Profits slid at global defence giant BAE Systems last year as the
company behind the Clyde naval shipbuilding operation warned its
outlook continued to be constrained by deficit cutting measures in
the UK and US.
The company, which employs about 3000 staff at its two Clydeside yards, said it expected UK defence budgets to remain flat as it announced underlying earnings before interest, taxation and amortisation of pound(s)1.9 billion, compared with pound(s)2.02bn in 2011.
However, shares in BAE Systems rose 13.7p or 4% to 345.9p. Pre- tax profits fell to pound(s)1.4bn from pound(s)1.5bn and sales dropped by 7% to pound(s)17.8bn from pound(s)19.2bn in a year that saw BAE fail to seal a merger with European defence firm and Airbus owner EADS. This was despite extensive talks last year with key stakeholders including the UK, US and Saudi Arabian governments.
BAE's Glasgow yards are currently busy building major blocks for two ships in the Queen Elizabeth Class Carrier programme, billed as the largest ships to ever be built in the UK.
Its next major naval project looks set to be the Type 26 programme, a new class of destroyers to replace the Type 23 frigates.
BAE's proposals for the design, manufacture and cost of the 13- strong fleet are currently being assessed by the MoD as part of a four-year procurement process.
Trade union Unite called for clarity from the Scottish and UK Governments on the future of MoD contracts. A spokesman said: "We're going into some very fluid political times and the one thing everyone is looking for is clarity on job security.
"These are highly skilled jobs and for Unite these have to be sustained. That's the clarion call we're sending out to all politicians. What are you going to do to defend these jobs? The MoD contracts are vital to that just now."
Despite the constrained outlook, BAE, whose activities cover aerospace, defence, security and military services, said planning had become more predictable in the UK because of the stability that has followed the Government's Strategic Defence and Security Review in 2010. It reported that the group's UK maritime business was currently "experiencing a high level of activity".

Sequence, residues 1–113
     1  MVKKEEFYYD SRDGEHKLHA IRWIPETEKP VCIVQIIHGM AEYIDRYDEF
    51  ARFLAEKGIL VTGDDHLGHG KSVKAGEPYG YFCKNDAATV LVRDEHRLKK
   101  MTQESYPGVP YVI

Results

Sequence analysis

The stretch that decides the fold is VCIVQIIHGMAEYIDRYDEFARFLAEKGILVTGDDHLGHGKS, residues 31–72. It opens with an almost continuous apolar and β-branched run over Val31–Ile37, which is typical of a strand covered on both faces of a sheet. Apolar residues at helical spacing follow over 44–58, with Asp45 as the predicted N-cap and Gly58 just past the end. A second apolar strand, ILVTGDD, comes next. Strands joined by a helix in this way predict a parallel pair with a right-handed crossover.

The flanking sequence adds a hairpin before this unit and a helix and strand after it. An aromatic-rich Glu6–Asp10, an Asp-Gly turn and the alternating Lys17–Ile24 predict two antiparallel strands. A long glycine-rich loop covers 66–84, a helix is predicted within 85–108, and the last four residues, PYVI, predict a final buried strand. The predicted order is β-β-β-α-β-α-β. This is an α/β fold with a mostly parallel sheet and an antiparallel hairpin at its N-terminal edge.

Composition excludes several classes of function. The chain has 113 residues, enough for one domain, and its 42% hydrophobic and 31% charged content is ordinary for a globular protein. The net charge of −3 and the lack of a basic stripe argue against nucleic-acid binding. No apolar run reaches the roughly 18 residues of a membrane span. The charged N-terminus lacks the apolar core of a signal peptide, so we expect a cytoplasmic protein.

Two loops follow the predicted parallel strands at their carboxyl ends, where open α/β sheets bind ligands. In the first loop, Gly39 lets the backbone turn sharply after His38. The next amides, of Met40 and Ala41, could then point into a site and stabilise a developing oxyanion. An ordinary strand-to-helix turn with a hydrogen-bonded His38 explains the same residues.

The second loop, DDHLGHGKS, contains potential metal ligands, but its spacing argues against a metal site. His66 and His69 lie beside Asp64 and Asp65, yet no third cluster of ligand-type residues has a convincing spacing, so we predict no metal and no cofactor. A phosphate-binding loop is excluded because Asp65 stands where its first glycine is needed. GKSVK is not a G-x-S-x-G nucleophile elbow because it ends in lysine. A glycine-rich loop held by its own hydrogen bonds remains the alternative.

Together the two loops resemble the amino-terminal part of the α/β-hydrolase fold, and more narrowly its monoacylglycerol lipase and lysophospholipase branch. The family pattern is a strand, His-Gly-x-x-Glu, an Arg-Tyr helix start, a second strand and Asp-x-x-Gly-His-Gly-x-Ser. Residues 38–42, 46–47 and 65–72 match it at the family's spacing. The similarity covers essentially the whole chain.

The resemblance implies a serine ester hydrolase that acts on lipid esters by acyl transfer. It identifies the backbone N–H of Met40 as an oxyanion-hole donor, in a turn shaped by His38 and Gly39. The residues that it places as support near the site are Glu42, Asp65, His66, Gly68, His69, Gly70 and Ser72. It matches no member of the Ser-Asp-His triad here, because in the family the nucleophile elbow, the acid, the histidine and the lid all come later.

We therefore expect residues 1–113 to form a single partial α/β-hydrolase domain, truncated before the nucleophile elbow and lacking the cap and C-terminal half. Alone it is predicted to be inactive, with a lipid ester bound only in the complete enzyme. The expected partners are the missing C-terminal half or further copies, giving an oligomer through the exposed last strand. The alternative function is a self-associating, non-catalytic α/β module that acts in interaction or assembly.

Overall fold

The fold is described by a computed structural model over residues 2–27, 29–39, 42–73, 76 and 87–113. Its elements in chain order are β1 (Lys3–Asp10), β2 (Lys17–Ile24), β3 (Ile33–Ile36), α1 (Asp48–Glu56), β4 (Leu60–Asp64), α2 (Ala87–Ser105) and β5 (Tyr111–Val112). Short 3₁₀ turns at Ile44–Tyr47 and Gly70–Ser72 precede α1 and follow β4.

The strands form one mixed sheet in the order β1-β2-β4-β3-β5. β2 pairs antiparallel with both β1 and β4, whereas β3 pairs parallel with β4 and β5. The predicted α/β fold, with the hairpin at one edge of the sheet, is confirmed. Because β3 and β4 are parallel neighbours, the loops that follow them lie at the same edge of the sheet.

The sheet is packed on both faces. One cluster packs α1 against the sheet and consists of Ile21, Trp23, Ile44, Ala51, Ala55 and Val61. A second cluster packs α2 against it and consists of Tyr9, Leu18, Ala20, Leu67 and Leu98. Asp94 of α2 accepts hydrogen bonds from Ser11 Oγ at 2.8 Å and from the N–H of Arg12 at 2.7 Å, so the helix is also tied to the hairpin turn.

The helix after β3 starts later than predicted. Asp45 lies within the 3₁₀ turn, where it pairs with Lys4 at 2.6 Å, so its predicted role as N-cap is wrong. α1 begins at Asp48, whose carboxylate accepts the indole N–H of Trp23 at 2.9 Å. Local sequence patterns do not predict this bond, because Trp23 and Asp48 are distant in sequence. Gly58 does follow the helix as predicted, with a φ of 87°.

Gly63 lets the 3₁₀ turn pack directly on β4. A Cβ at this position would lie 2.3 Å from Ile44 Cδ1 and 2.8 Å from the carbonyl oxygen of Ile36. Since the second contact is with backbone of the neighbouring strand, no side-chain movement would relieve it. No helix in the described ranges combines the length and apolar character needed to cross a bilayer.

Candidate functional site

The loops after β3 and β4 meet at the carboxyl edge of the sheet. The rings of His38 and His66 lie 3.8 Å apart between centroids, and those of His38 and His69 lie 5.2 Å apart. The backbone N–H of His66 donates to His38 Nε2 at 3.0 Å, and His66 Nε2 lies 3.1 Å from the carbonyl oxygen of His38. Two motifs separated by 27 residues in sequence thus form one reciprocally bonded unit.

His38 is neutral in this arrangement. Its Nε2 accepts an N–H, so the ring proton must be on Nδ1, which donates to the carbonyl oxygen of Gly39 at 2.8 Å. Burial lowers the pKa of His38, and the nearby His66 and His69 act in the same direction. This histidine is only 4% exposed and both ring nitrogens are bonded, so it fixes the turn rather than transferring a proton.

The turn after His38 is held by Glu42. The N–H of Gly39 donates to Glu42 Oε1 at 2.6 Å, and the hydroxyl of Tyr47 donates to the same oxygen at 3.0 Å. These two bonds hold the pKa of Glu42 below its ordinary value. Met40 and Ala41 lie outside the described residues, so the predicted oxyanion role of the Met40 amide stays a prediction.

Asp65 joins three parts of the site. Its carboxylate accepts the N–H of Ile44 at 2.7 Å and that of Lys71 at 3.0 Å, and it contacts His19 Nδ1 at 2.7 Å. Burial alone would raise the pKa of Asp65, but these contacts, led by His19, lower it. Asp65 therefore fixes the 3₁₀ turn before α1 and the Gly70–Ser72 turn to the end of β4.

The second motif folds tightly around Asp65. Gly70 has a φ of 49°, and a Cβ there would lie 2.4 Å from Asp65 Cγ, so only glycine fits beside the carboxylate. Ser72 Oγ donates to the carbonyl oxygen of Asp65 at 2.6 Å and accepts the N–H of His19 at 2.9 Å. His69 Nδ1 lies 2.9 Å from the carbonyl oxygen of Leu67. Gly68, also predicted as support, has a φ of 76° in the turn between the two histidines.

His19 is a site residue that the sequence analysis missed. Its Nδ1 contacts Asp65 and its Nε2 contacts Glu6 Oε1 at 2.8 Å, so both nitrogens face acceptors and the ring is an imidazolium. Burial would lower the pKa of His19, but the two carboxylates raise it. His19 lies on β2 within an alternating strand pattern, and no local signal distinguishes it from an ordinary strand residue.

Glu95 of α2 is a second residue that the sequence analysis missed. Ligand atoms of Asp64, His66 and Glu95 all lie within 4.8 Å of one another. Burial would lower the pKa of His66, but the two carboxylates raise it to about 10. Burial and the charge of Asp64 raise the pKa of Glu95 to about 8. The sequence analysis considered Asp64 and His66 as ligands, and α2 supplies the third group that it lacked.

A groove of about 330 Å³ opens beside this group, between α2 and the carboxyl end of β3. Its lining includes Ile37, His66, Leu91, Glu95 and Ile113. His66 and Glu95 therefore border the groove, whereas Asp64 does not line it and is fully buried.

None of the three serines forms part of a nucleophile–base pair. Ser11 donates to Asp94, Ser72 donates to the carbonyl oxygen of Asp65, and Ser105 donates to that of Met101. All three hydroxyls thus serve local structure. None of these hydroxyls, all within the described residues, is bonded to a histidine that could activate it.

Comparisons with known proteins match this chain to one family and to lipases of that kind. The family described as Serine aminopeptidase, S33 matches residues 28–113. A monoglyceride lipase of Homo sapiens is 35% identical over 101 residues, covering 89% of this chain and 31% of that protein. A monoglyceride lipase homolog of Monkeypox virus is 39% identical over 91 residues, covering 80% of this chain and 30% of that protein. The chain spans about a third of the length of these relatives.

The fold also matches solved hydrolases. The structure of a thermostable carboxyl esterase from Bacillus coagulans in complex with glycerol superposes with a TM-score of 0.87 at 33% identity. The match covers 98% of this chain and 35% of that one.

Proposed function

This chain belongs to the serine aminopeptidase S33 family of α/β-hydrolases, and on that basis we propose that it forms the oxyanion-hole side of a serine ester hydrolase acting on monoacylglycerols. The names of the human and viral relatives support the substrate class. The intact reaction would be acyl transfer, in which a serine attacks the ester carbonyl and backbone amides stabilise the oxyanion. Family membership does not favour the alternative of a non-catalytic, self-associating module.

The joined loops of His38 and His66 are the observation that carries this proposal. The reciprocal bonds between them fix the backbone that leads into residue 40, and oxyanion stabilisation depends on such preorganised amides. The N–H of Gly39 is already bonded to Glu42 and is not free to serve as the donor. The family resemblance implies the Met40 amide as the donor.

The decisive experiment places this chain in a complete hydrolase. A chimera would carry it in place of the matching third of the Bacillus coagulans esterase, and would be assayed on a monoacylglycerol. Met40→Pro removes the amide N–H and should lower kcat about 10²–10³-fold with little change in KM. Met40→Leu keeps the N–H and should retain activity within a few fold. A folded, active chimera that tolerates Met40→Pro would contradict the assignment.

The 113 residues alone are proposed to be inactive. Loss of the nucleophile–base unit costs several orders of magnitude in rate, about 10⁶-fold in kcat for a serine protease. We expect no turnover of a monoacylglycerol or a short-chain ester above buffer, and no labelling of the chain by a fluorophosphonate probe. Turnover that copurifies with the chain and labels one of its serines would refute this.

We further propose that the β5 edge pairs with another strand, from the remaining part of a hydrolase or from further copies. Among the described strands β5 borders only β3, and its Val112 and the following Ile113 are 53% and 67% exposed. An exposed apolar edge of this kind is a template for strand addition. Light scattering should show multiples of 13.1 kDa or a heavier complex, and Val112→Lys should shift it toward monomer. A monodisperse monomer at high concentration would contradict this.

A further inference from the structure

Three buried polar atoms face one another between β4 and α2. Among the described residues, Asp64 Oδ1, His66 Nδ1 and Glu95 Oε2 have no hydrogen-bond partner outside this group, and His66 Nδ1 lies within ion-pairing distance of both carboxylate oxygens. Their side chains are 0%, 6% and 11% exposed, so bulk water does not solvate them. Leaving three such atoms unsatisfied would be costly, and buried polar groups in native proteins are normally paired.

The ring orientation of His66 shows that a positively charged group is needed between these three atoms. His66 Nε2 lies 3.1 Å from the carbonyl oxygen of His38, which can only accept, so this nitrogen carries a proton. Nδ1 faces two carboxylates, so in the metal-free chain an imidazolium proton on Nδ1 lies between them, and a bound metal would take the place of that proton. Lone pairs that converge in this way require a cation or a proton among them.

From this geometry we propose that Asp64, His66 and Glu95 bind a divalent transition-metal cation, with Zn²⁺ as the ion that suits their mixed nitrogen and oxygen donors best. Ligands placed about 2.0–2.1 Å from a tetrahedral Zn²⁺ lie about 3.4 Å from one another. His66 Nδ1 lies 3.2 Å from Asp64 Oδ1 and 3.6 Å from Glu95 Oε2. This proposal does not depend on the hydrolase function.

Last year sea trials were completed on the last of six Type 45 destroyers built on the Clyde, and work continued on the carrier programme.
BAE acknowledged the Type 26 contract would "utilise a lower level of UK ship build capacity" in light of the levels devoted to the carrier programme.
A spokeswoman declined to say whether there would be any direct impact on Scottish jobs, but said the yards were currently "full to bursting point" because of work on the carriers.
BAE said: "Discussions continue with the UK government to determine how best to sustain the capability to deliver complex warships in the UK in the future."
Elsewhere in the company's UK operations, BAE's military air division continued to deliver European Tranche 2 Typhoon jets last year, with the firm stating that there was potential for production to extend into the next decade. Outside the UK and US, where BAE said business has been affected by the scaling back of operations in Iraq and Afghanistan, the firm recorded an order intake of pound(s)11.2bn.
Chief executive Ian King added that "this has resulted in an 8% increase in our order backlog to over pound(s)42bn".
However, overall headcount was cut by 3600 as the company reduced costs.
Mr King added: "We have closed the year with a strong balance sheet and are well positioned for the future."
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